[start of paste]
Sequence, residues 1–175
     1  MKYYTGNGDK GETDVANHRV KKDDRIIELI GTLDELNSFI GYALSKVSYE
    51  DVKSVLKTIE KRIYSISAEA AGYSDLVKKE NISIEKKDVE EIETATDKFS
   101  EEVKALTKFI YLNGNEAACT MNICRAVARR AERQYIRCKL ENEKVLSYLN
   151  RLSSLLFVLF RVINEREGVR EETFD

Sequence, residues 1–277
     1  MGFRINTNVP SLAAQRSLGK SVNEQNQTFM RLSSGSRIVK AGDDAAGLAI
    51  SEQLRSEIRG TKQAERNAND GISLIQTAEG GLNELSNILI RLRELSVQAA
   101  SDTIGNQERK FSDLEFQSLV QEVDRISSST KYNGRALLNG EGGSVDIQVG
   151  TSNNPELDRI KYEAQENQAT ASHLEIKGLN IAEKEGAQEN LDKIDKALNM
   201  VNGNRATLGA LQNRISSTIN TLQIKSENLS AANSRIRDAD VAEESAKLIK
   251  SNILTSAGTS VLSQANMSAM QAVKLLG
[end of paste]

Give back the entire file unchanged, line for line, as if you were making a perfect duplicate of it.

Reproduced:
Sequence, residues 1–175
     1  MKYYTGNGDK GETDVANHRV KKDDRIIELI GTLDELNSFI GYALSKVSYE
    51  DVKSVLKTIE KRIYSISAEA AGYSDLVKKE NISIEKKDVE EIETATDKFS
   101  EEVKALTKFI YLNGNEAACT MNICRAVARR AERQYIRCKL ENEKVLSYLN
   151  RLSSLLFVLF RVINEREGVR EETFD

Sequence, residues 1–277
     1  MGFRINTNVP SLAAQRSLGK SVNEQNQTFM RLSSGSRIVK AGDDAAGLAI
    51  SEQLRSEIRG TKQAERNAND GISLIQTAEG GLNELSNILI RLRELSVQAA
   101  SDTIGNQERK FSDLEFQSLV QEVDRISSST KYNGRALLNG EGGSVDIQVG
   151  TSNNPELDRI KYEAQENQAT ASHLEIKGLN IAEKEGAQEN LDKIDKALNM
   201  VNGNRATLGA LQNRISSTIN TLQIKSENLS AANSRIRDAD VAEESAKLIK
   251  SNILTSAGTS VLSQANMSAM QAVKLLG